Add to that Jesus statement that we are to “Love our enemies and pray for those who persecute you, do good to those who despitefully use you and persecute you so that you may be the sons of your Father in heaven.” He identified with the least of these in Matthew 25 and said that when we feed the hungry, clothe the naked, visit the sick or those in prison, give drink to the thirsty, and take in the stranger that we ministered to him.  “Inasmuch as you did it unto one of the least of these my brothers, you did it unto me.”

At the same time, Paul challenged Christians to obey the rulers of the land and said they didn’t bear the sword in vain.  Unless the laws of the land somehow violate the law of God my place as a child of the Lord is to obey that law.  So, while I’m to be one that loves and cares for the stranger and treats them with respect, that doesn’t mean that I’m to sanction the violating of the law or even encourage people in their disobedience.  Care must be taken as a child of God to be the caring one for anyone who comes our way, I must not become one who is disobedient to the law by encouraging more disobedience to the law.  Remember too, the nation isn’t a church.  It is a government with laws that should be obeyed and if disobeyed that government has the right to punish those who disobeyed.  As a Christian I’m obligated to treat everyone with with love, kindness and respect.  But that doesn’t mean that I have the right to encourage people to disobey the laws of the land when they are just laws.

One thing that stands out for the Christian is that every action toward the immigrant whether legal or illegal should be with view to trying to win that person to Jesus Christ.  Every person that comes into the country ought to be seen as a prospect for Christ and an opportunity to be evangelistic and strive to teach the person about Christ.  As a nation I wish we could find the way to be benevolent and accepting of that one who has been in this country for years, obeying the laws, and striving to do the right thing in life, while not destroying the very borders that make us a nation.  I realize that it is extremely difficult because if you offer amnesty to the ones who have been in the country for a long time illegally, you do encourage those who want to come here anyway to follow the same plan with hopes to being recognized as citizens in the future.  But I know for certain that nothing gives the Christian the right to do anything that isn’t done in love and respect for the other person and in an effort to be salt and light to lead them to God.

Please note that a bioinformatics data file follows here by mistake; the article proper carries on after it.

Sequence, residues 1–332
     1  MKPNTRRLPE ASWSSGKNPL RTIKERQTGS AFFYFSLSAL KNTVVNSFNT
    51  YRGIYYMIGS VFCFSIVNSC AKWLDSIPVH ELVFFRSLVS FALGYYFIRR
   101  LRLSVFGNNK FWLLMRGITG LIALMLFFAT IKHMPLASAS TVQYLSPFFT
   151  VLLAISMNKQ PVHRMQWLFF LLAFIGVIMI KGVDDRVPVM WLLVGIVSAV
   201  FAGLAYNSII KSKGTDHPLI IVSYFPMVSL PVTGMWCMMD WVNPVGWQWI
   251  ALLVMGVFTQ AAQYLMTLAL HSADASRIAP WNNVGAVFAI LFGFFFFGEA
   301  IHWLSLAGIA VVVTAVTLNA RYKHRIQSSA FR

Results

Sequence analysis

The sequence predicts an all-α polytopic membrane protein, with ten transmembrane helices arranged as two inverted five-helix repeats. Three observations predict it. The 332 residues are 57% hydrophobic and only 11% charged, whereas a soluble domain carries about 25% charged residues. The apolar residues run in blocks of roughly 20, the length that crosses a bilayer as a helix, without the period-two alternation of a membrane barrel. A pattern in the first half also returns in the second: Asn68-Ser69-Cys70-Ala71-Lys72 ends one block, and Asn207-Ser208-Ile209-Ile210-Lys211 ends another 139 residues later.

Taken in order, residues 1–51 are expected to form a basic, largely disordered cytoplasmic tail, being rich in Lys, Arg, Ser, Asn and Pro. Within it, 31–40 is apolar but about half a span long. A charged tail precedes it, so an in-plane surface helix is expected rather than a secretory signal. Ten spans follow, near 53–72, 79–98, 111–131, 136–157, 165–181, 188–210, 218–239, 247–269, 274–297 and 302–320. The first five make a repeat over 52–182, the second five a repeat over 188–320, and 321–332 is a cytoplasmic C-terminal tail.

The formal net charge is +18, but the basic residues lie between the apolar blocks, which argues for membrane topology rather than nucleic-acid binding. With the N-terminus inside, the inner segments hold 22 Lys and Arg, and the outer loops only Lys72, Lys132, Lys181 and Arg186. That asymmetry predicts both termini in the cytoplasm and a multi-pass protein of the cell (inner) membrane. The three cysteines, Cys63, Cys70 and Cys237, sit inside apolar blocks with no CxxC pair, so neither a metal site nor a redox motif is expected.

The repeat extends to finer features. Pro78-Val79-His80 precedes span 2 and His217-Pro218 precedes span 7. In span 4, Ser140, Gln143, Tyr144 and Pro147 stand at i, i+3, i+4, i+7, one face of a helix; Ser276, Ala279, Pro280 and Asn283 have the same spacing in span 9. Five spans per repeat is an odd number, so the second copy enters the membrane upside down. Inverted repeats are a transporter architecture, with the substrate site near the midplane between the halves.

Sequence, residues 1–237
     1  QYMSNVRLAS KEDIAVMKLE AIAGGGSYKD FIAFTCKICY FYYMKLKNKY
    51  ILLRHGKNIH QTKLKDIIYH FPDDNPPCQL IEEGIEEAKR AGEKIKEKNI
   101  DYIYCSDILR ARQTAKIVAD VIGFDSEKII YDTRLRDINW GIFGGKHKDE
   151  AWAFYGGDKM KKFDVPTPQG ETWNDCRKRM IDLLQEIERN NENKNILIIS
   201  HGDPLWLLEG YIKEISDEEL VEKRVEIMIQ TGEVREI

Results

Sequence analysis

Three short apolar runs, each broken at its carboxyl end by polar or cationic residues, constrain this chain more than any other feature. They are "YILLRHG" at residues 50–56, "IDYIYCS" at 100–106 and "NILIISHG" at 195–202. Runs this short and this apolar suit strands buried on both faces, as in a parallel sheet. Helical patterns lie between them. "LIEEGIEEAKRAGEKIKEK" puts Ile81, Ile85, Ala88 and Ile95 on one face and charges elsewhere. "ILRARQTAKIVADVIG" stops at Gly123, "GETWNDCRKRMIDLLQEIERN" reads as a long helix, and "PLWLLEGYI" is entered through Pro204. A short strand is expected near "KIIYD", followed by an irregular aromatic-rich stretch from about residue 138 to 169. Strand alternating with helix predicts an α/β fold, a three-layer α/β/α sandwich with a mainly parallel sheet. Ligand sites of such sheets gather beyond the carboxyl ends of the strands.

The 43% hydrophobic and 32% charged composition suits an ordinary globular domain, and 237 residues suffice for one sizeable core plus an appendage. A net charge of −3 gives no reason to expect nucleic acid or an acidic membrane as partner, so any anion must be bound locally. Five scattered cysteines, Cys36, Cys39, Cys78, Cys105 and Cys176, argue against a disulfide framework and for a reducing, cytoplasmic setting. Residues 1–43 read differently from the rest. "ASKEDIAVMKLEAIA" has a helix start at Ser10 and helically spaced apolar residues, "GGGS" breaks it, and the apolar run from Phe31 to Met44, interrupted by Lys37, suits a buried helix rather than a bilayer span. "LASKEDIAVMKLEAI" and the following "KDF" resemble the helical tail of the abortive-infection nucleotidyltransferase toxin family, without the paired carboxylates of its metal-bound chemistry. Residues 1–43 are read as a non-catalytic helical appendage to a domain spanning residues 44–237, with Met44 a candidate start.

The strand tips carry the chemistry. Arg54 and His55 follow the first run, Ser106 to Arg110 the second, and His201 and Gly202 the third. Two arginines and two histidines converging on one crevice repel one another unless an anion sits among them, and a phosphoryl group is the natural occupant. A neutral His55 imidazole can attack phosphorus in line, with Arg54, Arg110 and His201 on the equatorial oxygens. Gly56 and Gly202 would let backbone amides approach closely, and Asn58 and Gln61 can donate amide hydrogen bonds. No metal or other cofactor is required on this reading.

Will we ever as a nation reach any kind of compromise that will be acceptable to all sides, benevolent toward the immigrant and uphold the laws and borders of the nation?  I don’t know.  It really seems to me that we move further from any such noble goal all the time.  But whatever the country does, I must make certain that as a Christian I do what God calls me to do personally in how I treat the stranger in the land.